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Tuesday, March 13, 2012
Methane hydrate energy solution?
Seabed deposits could rival natural gas but safety, cost issues loom
The launch of preparatory drilling for methane hydrate off Aichi Prefecture last month drew public attention amid hopes it will become an alternative to nuclear power at a time when Japan's self-sufficiency rate in energy is a meager 4 percent.
While the potential of methane hydrate is still unclear, the government aims to establish technical bases for commercial use in fiscal 2018. Here are some basic questions and answers about methane hydrate and Japan's efforts to develop it as an energy source.
What is methane hydrate?
The substance is a combination of methane and water molecules. The high-pressure, low-temperature environment under the seabed causes water molecules to encase methane, giving it a texture like sherbet.
Chunks of methane hydrate have been likened to fiery or burning ice cubes, which easily combust when exposed to flame.
Methane hydrate holds large amounts of combustible methane. When a cubic meter of methane hydrate decomposes, it releases about 160 cu. meters of gas that can be burned to generate power.
Where can it be found?
Methane hydrate can be only generated in a high-pressure, low-temperature environment. Since a temperature of about minus 80 is needed for it to form, it is generally only found in permafrost or deep below the seabed.
Is there an abundance in Japanese territory?
It is still unclear exactly how much methane hydrate lies in the seabed around Japan. But a recent study by Research Consortium for Methane Hydrate Resources in Japan, an industry-government-academia research body better known as MH21, estimated the Eastern Nankai Trough, which spans a stretch of seabed from Shizuoka to Wakayama prefectures, has about 1.2 trillion cu. meters of methane hydrate, or the equivalent of a large natural gas field that could provide Japan with 12 years' worth of such fuel.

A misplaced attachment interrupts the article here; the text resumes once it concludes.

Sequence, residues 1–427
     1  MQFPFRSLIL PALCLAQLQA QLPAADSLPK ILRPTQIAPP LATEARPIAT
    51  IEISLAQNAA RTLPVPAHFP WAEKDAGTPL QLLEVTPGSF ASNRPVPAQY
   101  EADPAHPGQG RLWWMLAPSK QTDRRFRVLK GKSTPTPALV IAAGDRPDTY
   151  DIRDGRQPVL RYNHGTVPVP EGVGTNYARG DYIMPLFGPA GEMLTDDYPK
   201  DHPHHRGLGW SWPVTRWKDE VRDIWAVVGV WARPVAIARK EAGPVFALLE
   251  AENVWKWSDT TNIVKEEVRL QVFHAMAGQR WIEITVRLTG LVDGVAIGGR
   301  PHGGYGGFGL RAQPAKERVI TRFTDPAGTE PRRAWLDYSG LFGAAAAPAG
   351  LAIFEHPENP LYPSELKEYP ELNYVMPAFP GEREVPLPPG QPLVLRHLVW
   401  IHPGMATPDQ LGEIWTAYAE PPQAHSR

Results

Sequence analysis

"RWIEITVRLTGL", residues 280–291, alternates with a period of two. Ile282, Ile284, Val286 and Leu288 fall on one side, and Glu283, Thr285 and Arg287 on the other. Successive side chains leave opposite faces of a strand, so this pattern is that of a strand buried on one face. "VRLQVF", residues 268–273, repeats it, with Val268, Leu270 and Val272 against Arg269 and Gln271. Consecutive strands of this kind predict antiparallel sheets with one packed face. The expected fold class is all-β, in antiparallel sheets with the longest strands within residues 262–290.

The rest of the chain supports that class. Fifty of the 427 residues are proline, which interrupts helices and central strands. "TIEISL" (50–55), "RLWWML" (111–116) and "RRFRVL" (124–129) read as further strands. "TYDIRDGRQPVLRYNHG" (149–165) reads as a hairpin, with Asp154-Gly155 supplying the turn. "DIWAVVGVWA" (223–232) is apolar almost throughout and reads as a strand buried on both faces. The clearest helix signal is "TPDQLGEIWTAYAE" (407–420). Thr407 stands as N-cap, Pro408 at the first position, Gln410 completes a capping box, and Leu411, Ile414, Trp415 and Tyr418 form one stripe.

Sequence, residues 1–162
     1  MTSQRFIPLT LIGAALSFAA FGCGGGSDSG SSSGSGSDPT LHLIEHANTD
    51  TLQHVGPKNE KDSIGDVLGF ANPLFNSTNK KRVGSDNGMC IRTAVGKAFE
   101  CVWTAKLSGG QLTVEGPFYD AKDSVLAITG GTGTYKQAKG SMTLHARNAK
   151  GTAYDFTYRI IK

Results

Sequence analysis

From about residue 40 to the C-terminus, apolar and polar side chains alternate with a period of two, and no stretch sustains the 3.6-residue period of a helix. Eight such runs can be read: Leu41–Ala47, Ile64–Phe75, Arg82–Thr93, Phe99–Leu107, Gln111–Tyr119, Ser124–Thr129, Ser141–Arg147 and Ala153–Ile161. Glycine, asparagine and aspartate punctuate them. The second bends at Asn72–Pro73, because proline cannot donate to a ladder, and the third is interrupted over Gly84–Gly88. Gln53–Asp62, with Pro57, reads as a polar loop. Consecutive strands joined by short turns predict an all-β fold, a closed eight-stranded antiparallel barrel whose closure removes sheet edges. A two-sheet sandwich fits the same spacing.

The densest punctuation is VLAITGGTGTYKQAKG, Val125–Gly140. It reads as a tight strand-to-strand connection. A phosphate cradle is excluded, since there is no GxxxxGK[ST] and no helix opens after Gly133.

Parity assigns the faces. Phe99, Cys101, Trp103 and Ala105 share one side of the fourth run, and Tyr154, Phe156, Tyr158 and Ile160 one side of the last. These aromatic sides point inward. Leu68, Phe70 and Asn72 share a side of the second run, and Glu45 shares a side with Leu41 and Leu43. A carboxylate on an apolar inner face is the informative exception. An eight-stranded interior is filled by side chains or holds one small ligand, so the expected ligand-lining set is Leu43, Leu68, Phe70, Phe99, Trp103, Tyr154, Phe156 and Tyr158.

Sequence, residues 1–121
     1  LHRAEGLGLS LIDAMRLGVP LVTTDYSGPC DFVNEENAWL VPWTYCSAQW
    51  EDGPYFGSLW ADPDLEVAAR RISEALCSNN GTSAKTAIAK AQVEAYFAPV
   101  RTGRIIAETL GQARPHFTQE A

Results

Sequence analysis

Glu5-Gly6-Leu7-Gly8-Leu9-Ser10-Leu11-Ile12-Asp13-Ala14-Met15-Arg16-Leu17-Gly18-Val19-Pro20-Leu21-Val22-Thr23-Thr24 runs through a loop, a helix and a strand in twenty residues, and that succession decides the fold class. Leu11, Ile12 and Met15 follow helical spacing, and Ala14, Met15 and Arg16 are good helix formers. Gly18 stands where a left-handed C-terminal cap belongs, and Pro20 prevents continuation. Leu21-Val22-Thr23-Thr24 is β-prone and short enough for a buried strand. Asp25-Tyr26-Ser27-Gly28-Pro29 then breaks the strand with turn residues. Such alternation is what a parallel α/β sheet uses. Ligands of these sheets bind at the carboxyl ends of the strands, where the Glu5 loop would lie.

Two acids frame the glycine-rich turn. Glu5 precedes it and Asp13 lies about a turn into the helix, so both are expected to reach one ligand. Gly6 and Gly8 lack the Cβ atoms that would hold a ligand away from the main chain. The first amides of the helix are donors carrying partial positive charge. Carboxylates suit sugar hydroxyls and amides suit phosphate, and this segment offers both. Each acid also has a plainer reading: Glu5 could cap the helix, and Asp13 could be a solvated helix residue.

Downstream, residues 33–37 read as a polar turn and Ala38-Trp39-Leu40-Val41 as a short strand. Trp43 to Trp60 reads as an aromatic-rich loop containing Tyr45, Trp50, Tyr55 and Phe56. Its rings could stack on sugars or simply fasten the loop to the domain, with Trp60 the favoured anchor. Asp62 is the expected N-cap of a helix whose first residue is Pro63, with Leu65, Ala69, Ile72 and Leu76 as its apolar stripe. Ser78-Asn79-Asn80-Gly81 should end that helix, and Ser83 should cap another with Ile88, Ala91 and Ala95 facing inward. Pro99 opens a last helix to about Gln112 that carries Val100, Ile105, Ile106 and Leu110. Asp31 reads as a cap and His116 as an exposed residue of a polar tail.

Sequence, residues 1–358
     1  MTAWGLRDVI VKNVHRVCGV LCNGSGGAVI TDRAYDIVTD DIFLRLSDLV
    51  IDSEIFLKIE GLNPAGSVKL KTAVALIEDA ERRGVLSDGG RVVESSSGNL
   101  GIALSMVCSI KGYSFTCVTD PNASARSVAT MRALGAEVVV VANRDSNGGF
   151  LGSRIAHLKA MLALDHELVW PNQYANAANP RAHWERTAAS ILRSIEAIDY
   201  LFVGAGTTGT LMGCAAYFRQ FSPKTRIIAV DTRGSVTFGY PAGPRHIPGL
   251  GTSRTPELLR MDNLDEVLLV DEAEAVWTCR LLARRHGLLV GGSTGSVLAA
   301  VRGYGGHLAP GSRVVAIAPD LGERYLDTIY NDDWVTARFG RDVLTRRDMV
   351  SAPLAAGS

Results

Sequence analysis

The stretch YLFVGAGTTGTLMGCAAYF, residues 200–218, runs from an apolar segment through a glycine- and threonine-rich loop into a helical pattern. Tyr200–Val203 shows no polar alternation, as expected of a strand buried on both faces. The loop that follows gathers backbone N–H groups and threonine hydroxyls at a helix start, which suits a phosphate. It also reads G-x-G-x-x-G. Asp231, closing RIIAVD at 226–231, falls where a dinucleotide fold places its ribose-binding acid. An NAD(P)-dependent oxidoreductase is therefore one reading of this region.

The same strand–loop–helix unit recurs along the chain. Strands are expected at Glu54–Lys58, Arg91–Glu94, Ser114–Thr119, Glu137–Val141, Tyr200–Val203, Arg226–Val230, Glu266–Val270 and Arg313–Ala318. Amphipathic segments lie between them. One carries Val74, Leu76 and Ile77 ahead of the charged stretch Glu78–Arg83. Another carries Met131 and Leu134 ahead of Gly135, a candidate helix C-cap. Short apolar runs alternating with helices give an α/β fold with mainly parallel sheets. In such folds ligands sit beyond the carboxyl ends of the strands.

How much R&D has been conducted and what are they trying?
The government has been looking into the potential of methane hydrate since the mid-1990s, so research and development are well under way.
The government formed MH21 in 2002 to carry out Phase 1 of the research until 2009. During that period, Japan was able to successfully collect methane from methane hydrate buried in permafrost in Canada.
R&D is now in Phase 2, which will continue until March 2016.
On Feb. 15, MH21 started preparatory drilling in the Eastern Nankai Trough, about 80 km south of Aichi's Atsumi Peninsula.
"We are now drilling and setting wells. But since this is the first attempt in the world, we are still not sure if the methane gas can be safely collected from the seabed," said Yoshihiro Nakatsuka, who leads an MH21 environmental team. "In that sense, we are just trying to make sure it can be collected," he said.
The approach MH21 is employing is called the decreasing-pressure method, in which a well on the seabed lowers the pressure of the layer with the methane hydrate by pumping water near it to initiate decomposition to release and collect the gas.
Will methane hydrate be economically viable?
That is unclear and will require more in-depth research.
Although MH21 has calculated it will cost between ¥46 and ¥174 to make 1 cu. meter of methane hydrate, more research is needed to ascertain whether harvesting it is economically viable, they said.
For example, Nakatsuka said nobody knows how much methane can be extracted from a single well. If the yield is low, many wells will be needed, hiking the cost.
Natural gas costs about ¥20 per cubic meter to produce, but that's likely to jump by March 2019, so it is uncertain at this point which will be more viable.
Are there any environmental risks associated with methane hydrate?
Raw methane released into the atmosphere produces a greenhouse effect 25 times more potent than carbon dioxide. So every effort must be made to ensure it doesn't leak during extraction.
MH21 says the decreasing-pressure method lessens the risk because the lower pressure in the wells allows gas released by methane hydrate under the seabed to flow up naturally, giving it little chance to escape.
It has also been noted, however, that when methane hydrate decomposes, it can trigger landslides as the decomposing layer disappears, warping the seafloor.
The impact of submarine landslides is still being studied, but they are known to occur on slopes. MH21 plans to drill only in flat layers until further studies shed more light on the risks.
More research is also needed on the potential impact that methane leaks from the seabed could have on ecosystems.
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